bringing SOW under proper spend control
The first two articles in this series explored the facts regarding SOW workers, suppliers and the opportunities afforded by bringing them into a managed services program (MSP). In this final installment, we’ll look at creating a business case to integrate SOW into your MSP.
To begin, let’s focus briefly on defining SOW and the role it plays within your organization. The obvious question to start with is, “How much do you know about the use of SOW workers within your company?”
In many larger companies, the acquisition and management of SOW workers is often decentralized and controlled by the business units or the functional departments that utilize them. In fact, the use of SOW workers is a classic ploy used to hide external staff headcounts and avoid approval workflows or tenure policies. Often, business leaders that use SOW contractors don’t consider these as talent but rather an external service and, therefore, fail to consider the compliance aspects of this type of labor.
So if you feel that you lack visibility into SOW spend, you probably do. Fortunately, that’s good news in terms of building the business case for bringing SOW under proper spend control.
SOW under the MSP model.
Before you can make a concerted effort to create your business case, you need an idea of how much uncontrolled tail spend is incurred through the unmanaged use of SOW workers. This is rarely an easy task, because tail spend flies under the radar of procurement and is seldom properly documented, let alone identified by data that can easily be reported on or visualized.
Therefore, understanding the potential value of shifting SOW workers to your MSP will require a deep-dive exercise involving all hiring managers in your organization. As an indication of where to look for value, it might be found in:
- eliminating over-the-top billing practices by suppliers
- reducing security threats caused by incomplete offboarding processes
- reducing risk of worker misclassification
- improving management of the overall talent pool
- reducing costs for administration and invoice processing
Once you have a picture of how, where and why SOW suppliers are being used in your organization, you can begin to quantify the savings and improvement opportunities that will cement your business case for change. The first challenge is gaining support from business units in providing this initial visibility.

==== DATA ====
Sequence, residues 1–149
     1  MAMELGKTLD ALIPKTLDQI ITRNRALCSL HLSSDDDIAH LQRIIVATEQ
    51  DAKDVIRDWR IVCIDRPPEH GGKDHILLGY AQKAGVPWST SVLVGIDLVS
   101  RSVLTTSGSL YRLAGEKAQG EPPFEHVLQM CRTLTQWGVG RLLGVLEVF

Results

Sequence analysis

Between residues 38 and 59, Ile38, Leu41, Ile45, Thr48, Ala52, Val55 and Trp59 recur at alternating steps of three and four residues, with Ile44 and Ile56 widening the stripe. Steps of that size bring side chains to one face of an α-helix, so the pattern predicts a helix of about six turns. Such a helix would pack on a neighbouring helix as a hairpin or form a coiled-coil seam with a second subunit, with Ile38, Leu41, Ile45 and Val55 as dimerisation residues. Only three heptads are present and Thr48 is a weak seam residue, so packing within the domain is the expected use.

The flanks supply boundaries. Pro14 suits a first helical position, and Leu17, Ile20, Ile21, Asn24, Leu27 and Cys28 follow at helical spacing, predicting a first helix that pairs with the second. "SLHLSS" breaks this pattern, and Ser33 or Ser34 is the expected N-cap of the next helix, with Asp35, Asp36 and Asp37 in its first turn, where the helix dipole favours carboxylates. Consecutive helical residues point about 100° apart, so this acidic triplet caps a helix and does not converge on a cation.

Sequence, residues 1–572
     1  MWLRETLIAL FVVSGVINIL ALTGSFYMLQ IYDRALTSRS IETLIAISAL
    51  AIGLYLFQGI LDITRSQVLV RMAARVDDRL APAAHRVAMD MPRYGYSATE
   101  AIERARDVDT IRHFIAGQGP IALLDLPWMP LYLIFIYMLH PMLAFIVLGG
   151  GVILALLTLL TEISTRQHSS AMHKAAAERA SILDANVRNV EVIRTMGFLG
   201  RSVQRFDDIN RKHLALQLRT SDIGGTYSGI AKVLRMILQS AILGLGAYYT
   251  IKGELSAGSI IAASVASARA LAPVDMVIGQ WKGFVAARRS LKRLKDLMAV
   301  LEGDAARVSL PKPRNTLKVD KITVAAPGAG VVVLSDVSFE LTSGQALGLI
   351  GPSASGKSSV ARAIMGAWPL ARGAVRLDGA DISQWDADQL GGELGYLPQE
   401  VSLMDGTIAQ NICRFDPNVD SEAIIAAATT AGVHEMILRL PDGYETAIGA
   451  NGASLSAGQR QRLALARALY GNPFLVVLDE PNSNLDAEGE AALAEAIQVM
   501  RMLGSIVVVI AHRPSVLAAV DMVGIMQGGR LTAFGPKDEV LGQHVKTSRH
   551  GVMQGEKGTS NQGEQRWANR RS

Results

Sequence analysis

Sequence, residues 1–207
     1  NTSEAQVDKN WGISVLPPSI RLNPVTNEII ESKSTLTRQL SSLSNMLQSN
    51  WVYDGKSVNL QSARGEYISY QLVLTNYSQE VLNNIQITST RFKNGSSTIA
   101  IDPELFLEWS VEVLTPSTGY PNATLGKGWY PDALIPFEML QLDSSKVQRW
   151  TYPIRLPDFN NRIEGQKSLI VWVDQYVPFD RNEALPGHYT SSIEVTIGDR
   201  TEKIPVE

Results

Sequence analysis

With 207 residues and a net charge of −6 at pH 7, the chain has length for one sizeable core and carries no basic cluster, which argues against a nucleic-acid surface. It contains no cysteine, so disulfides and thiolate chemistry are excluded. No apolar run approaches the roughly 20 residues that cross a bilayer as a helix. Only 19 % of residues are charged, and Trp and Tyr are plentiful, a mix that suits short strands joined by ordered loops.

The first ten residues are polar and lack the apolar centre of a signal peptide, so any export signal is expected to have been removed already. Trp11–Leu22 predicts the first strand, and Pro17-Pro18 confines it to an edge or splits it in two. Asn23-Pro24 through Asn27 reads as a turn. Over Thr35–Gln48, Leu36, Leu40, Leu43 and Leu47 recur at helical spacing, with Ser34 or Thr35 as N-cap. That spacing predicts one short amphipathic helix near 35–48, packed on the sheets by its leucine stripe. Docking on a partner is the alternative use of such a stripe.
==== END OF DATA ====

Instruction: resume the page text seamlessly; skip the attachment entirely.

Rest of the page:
address common misconceptions early.
While the picture of SOW usage might seem elusive, you can gain the support of hiring managers with the right approach to discovery.
The key objective should be to satisfy managers regarding their concerns about the MSP approach. Common misconceptions include:
- Incumbent talent will be retained only until projects are completed. In many cases, an MSP can continue to turn to the resource on future projects.
- Hiring managers’ business needs will no longer be served effectively. An MSP can provide both strategic and administrative services to ensure high user satisfaction.
- Managers will lose access to SOW talent in the future. An effective MSP program optimizes the supply chain to retain valuable talent, providing hiring managers consistent access.
By allaying these natural fears and clearly communicating the issues and details of what is at stake, you should have little problem getting hiring managers to provide the information you need.
In addition to gaining buy-in from line leaders, you will need to involve colleagues in HR, procurement category managers and perhaps a legal specialist to look at the potential worker classification issues and compliance exposure. You might also want to include a change manager at this early stage since an impact assessment will be worthwhile to underpin change management efforts as the project progresses.
gaining buy-in from SOWs.
SOW consultants and contractors might prove to be resistant to any change toward an MSP-managed model. Some will know that their rates will not be justifiable under this model. Furthermore, they may not like the idea of having to fund their place in the workforce ecosystem, which will be a necessity under a typical supplier-funded MSP model.